Monolithic Microfluidic Cooling on a Functional CPU Running Real-World Benchmarks


New technical paper titled “Integrated Silicon Microfluidic Cooling of a High-Power Overclocked CPU for Efficient Thermal Management” is published by researchers at Georgia Tech and Microsoft.

According to the abstract:
“In this work, we use micropin-fins etched directly on the back of an Intel Core i7-8700K CPU and overclocked it to dissipate up to 215W of power while being cooled by room temperature de-ionized (DI) water. We demonstrate up to 44.4% reduction in junction-to-inlet thermal resistance while using only 0.3× of volumetric coolant flow per Watt of power dissipated in the CPU compared to a conventional cold-plate. Furthermore, we demonstrate higher sustained core frequencies even when being cooled with elevated inlet temperatures, showing the potential for more efficient datacenter operations without the need for expensive and energy intensive refrigeration loops. The scalability towards heterogeneous 2.5D and 3D devices is also discussed.”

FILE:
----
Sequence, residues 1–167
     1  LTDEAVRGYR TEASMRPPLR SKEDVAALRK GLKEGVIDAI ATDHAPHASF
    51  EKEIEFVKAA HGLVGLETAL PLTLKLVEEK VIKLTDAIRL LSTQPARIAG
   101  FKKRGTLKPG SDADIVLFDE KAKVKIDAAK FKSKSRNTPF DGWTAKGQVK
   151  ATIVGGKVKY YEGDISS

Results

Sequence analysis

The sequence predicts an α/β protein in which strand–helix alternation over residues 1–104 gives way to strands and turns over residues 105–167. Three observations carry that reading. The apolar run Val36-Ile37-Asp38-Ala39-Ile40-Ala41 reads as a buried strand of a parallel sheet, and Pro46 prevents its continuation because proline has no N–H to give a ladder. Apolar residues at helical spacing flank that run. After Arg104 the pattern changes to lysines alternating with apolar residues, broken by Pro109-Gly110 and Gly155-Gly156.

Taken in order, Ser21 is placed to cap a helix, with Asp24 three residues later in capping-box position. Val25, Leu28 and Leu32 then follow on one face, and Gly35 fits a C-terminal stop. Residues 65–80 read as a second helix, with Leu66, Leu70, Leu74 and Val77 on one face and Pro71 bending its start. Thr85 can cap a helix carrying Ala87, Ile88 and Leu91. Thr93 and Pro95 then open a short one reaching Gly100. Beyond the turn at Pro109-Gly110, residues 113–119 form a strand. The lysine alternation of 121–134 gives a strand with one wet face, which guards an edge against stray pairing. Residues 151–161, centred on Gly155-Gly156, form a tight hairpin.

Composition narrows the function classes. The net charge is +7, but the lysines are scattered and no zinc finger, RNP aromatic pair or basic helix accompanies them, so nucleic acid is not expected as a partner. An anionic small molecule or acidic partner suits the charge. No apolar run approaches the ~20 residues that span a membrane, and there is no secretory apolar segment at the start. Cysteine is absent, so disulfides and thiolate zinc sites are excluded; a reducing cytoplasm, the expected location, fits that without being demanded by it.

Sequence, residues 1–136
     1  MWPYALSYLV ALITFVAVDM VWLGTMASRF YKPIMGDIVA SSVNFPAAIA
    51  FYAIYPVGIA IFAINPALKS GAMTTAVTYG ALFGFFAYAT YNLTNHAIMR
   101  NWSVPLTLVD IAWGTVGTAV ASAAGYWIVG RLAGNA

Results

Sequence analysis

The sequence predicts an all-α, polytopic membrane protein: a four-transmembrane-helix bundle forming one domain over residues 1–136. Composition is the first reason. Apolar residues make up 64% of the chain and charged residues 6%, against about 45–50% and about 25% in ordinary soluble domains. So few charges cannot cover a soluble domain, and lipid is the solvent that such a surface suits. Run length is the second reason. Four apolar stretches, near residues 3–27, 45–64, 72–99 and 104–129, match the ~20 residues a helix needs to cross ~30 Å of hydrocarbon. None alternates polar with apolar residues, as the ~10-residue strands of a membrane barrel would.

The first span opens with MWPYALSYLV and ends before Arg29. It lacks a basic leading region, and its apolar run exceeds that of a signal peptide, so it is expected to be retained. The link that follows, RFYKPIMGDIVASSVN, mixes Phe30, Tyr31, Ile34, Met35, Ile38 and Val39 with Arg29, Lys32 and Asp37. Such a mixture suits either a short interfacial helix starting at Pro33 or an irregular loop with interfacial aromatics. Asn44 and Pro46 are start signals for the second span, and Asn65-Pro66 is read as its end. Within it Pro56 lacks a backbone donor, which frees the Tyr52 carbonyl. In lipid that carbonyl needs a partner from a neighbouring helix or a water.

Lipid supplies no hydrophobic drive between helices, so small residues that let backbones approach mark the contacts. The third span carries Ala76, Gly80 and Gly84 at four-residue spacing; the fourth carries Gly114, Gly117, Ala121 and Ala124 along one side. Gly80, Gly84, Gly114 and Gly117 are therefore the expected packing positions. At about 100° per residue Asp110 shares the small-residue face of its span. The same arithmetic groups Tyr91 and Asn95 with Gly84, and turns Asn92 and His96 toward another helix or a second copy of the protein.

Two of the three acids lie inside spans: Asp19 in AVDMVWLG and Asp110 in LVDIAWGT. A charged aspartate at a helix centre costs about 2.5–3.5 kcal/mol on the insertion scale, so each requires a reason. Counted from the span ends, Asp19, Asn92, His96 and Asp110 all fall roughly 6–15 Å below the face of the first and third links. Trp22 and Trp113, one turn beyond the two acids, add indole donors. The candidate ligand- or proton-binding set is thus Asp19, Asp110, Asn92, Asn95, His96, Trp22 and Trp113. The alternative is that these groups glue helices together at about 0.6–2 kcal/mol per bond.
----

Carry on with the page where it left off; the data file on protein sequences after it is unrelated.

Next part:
Find the open access technical paper here. Published May 2022.

S. Kochupurackal Rajan, B. Ramakrishnan, H. Alissa, W. Kim, C. Belady and M. S. Bakir, “Integrated Silicon Microfluidic Cooling of a High-Power Overclocked CPU for Efficient Thermal Management,” in IEEE Access, vol. 10, pp. 59259-59269, 2022, doi: 10.1109/ACCESS.2022.3179387.

DRAM Thermal Issues Reach Crisis Point
Increased transistor density and utilization are creating memory performance issues.
Keeping IC Packages Cool
Engineers are finding ways to effectively thermally dissipate heat from complex modules.
Unintended Coupling Issues Grow
More complex and increasingly heterogeneous designs, and multiple dies in a package, increase potential for unwanted interactions.

Leave a Reply

(Note: This name will be displayed publicly)